Rare and Mysterious Bay Cat Captured on Camera in Borneo Rainforest [VIDEO]
(Photo : Imperial College London)
The elusive and rarest known member of the cat family, the bay cat, was captured on camera in the Borneo rainforest.
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Rare pictures of the little known wild cat with red fur and a long tail with a black and white tip were captured in the forest of Borneo by scientists from the Zoological Society of London (ZSL) and the Imperial College London. Earlier, scientists had spotted four other endangered cat species in the same area , indicating that the logged forest is still home to several endangered species.
The bay cat (Pardofelis badia) was listed as Endangered by the IUCN in 2002. An adult bay cat weighs 3-4 kilograms. They are forest dependent and are highly threatened by habitat destruction. The cat's long tail carries white streaks across its underside and a small black tip, which is most often invisible due to the manner in which it curls its tail upward at the end. Across most of the ranges it is protected by the national legislation. Though scientists have not much information about the habitat of the rare and mysterious bay cat, they believe it is at a high risk of extinction due to loss of habitat in Borneo in the Malaysian province of Sabah.
Till date the motion sensitive camera traps in Borneo forests have recorded the bay cat (Pardofelis badia) very few times. Last it was photographed in 2003 in the wild.
"We were completely surprised to see so many bay cats at these sites in Borneo where natural forests have been so heavily logged for the timber trade," Dr Robert Ewers from the Department of Life Sciences at Imperial College London said in a statement. "Conservationists used to assume that relatively few wild animals can live in logged forest, but we now know this land can be home for many endangered species. Our study today shows solid evidence that even top carnivores, such as these magnificent bay cats, can survive in commercially logged forests."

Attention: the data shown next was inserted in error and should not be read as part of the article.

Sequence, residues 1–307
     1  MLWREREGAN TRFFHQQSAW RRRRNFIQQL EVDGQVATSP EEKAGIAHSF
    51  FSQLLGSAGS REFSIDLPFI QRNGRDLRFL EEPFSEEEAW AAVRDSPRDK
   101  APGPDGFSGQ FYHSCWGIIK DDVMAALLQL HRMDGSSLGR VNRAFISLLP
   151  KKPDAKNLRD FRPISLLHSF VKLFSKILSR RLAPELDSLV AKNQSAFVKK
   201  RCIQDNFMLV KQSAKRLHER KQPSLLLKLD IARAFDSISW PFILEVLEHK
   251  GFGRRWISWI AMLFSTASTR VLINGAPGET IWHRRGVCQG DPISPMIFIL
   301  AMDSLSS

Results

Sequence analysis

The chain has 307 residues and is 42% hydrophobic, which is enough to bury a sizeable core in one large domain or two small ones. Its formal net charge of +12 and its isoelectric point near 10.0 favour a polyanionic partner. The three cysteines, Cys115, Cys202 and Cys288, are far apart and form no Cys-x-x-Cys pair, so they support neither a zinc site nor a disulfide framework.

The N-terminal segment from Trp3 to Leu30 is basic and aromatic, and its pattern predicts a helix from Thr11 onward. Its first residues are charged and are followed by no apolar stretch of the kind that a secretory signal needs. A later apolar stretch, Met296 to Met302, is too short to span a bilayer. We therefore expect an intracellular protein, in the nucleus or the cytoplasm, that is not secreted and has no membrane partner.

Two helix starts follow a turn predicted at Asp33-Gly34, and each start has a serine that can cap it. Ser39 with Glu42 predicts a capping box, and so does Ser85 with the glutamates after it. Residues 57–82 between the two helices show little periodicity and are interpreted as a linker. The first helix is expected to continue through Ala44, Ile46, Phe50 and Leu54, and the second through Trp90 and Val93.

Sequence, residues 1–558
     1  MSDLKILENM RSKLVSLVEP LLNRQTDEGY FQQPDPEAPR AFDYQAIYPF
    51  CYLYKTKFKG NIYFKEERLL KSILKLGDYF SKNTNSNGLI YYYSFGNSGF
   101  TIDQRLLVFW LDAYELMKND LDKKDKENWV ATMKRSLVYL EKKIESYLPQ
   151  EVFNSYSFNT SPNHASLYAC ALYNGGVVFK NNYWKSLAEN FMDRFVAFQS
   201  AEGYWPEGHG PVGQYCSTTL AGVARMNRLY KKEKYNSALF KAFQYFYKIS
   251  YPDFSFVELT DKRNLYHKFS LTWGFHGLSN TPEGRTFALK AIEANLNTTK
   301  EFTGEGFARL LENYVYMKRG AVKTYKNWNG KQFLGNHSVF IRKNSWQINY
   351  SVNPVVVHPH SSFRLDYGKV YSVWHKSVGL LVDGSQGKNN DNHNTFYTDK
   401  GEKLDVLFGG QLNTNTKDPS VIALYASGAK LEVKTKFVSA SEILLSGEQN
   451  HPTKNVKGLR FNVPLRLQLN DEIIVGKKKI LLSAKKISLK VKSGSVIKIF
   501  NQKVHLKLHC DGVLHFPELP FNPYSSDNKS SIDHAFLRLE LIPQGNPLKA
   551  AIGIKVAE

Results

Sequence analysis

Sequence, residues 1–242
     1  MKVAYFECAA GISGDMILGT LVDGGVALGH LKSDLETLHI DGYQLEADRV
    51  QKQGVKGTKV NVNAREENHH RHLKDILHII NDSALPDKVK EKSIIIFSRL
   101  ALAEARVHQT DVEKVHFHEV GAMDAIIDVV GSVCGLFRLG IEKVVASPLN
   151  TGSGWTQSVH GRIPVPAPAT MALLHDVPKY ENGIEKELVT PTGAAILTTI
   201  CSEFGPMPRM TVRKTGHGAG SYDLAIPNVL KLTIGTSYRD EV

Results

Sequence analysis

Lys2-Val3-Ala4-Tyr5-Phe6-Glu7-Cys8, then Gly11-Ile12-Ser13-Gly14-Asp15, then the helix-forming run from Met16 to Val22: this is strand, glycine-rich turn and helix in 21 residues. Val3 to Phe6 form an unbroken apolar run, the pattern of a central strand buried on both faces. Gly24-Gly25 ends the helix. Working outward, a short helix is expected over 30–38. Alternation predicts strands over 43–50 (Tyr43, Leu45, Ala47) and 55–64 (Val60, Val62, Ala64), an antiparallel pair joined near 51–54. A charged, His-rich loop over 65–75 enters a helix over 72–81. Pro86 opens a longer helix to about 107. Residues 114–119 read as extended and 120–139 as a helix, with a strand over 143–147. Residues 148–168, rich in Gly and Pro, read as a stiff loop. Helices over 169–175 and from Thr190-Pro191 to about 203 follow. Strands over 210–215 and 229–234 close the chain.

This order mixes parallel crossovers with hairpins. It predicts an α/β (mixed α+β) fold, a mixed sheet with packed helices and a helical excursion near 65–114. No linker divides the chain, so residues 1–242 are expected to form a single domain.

The cats were captured during the SAFE project that aimed at understanding the impact of logging on the lives of animals in tropical forests. The project that covered 8000 hectares of forest was led by Dr. Ewers.
Apart from the bay cat the four other species captured were the Sunda clouded leopard (Neofelis diradi), leopard cat (Prionailurus bengalensis), flat headed cat (Prionailurus planiceps) and marbled cat (Pardofelis marmorata). Apart from the leopard cat, the ICUN has listed all these species as threatened and vulnerable.
Oliver Wearn, SL and Imperial College London PhD researcher said, "The cameras record multiple sightings, sometimes of species which we might be very lucky to see even after spending years in an area. I've seen the clouded leopard just twice in three years of fieldwork, whilst my cameras recorded 14 video sequences of this enigmatic cat in just eight months."
Click Here to take a look at the rare bay cat footage.
The details of the sightings are published in the journal PLOS ONE.